HTS has the potential to revolutionize plant disease management with its rapid and precise pathogen identification capabilities. It can also aid in discovering new and emerging pathogens and support disease surveillance, plant breeding, and genetic engineering efforts. With continuous advancements in HTS technologies, we can expect more affordable, accessible, and efficient applications in plant disease management. However, to fully tap into the potential of HTS, we must navigate a number of challenges, including technical and logistical barriers, data analysis and interpretation issues, legal considerations, and economic factors. Building capacity and fostering global collaboration, particularly in resource-limited settings and developing countries, is crucial for extending HTS benefits to a broader array of researchers and institutions. Moreover, establishing best practices and regulatory frameworks is essential for the responsible and effective implementation of HTS in plant disease management. This integrated approach, along with the incorporation of other omics approaches and advanced imaging techniques, will allow the scientific community to contribute to more effective and sustainable plant disease management strategies, with the ultimate goal of ensuring global food security and well-being for future generations. Continued investment in research, capacity building, and collaboration will be pivotal in realizing the full potential of HTS, transforming plant disease management, and safeguarding our agricultural systems. The future of plant disease management hinges on our ability to harness the power of these advanced technologies, fostering a new era of discovery and application in plant pathology.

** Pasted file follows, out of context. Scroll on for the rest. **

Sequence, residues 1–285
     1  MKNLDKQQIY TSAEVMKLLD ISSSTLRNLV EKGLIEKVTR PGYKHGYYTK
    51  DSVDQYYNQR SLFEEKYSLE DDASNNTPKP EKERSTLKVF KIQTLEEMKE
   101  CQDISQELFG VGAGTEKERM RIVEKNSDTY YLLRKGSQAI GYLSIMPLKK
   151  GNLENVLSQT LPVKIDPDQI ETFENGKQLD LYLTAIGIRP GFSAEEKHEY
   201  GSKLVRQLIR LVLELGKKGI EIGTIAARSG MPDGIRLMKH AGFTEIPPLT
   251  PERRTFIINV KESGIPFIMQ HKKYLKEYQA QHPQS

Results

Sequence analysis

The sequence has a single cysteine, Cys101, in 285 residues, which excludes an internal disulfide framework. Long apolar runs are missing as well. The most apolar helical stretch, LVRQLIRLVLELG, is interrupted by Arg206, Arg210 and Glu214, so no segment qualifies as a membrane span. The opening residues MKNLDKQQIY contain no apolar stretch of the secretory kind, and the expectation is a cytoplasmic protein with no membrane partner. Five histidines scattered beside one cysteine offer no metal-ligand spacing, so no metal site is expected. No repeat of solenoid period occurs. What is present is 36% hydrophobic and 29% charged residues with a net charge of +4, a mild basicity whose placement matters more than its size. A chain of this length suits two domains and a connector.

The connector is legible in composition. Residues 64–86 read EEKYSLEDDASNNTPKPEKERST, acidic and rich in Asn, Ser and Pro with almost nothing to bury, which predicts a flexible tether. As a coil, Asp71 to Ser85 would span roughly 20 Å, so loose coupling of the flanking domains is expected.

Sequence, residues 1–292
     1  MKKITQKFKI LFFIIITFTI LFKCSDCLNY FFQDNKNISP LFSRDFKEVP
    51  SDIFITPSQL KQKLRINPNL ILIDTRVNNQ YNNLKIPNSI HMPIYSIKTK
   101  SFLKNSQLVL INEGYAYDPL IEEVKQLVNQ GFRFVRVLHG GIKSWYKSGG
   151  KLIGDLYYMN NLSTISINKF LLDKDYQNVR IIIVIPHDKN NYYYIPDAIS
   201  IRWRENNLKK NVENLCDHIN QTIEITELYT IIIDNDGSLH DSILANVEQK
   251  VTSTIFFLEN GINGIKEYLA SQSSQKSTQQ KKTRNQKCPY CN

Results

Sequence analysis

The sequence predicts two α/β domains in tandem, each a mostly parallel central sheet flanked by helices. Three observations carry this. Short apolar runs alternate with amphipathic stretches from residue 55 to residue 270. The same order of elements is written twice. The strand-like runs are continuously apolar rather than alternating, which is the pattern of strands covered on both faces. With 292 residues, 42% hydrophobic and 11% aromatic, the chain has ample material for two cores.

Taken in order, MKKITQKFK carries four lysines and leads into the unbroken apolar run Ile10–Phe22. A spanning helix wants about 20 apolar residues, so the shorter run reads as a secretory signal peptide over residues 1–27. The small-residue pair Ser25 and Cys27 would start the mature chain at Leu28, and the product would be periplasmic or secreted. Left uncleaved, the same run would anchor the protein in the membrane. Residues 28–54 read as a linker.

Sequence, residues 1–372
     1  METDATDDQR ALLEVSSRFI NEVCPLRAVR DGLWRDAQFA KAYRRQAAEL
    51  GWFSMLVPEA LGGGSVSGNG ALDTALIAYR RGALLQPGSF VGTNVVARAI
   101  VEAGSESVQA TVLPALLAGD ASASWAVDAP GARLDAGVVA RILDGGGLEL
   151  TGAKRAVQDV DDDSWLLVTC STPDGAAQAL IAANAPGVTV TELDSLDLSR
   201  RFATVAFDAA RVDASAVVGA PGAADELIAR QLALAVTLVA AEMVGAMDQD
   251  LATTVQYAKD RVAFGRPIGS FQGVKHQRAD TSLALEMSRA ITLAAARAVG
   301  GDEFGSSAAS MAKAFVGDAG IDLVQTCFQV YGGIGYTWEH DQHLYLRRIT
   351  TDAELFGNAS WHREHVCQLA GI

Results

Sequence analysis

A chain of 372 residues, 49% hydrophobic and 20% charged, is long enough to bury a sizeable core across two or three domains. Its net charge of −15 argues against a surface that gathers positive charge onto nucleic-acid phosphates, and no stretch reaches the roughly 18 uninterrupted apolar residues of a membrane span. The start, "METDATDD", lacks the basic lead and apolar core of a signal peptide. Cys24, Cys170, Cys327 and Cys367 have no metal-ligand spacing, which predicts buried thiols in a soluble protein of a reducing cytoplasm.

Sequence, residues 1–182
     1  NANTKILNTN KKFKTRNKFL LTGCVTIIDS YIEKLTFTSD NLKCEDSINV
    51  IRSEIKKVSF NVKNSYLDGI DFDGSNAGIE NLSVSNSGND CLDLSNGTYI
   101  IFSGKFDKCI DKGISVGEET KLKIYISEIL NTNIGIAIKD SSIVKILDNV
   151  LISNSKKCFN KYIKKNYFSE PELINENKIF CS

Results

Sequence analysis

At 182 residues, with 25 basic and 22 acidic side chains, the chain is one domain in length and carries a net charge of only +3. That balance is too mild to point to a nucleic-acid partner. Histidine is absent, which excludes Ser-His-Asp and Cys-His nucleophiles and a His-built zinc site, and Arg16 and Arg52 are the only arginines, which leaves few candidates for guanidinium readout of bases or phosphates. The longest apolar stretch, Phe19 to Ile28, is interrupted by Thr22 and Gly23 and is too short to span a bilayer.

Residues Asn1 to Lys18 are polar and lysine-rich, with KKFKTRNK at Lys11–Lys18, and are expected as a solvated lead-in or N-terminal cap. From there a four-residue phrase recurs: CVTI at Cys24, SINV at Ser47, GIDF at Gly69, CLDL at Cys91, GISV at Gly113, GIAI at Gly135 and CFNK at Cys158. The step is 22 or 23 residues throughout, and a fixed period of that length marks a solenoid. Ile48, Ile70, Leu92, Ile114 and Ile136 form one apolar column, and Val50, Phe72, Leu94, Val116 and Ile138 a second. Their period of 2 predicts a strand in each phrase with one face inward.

Availability of data and materials

Not applicable.



Convention on Biological Diversity


Droplet digital polymerase chain reaction


Global Biodiversity Information Facility


Genomic standards consortium


High-throughput sequencing


Intellectual property rights


International Treaty on Plant Genetic Resources for Food and Agriculture


Pathogen-associated molecular patterns


Polymerase chain reaction


Pattern recognition receptors


Potato spindle tuber viroid


PAMP-triggered immunity


Repetitive extragenic palindromic polymerase chain reaction


Standard operating procedures


Tomato spotted wilt tospovirus


Tomato yellow leaf curl virus


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We would like to extend our heartfelt appreciation to the editors and reviewers who dedicated their time, expertise, and critical insights to review and improve the quality of this work.


This research is supported by the following projects: National Natural Science Foundation of China (No. 31972222, 31660011), Program of Introducing Talents of Discipline to Universities of China (111 Program, D20023), Talent Project of Guizhou Science and Technology Cooperation Platform ([2017]5788–5, [2019]5641, [2019]13), Guizhou Science, Technology Department of International Cooperation Base project ([2018]5806), the Project of Guizhou Provincial Education Department ([2020]001), and Guizhou Science and Technology Innovation Talent Team Project ([2020]5001).

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MMN and QZ conceptualized, developed the research questions, and designed the study framework. Conducted a comprehensive literature review and synthesized the information. Wrote and revised the manuscript. GM reviewed and provided constructive feedback on the manuscript. YW conceptualized and contributed to the overall direction and scope of the review paper. Reviewed and provided feedback on the manuscript, including suggestions for improvements in organization and clarity. All authors read and approved the final version of the manuscript.

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Correspondence to Yong Wang.

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Nizamani, M.M., Zhang, Q., Muhae-Ud-Din, G. et al. High-throughput sequencing in plant disease management: a comprehensive review of benefits, challenges, and future perspectives. Phytopathol Res 5, 44 (2023).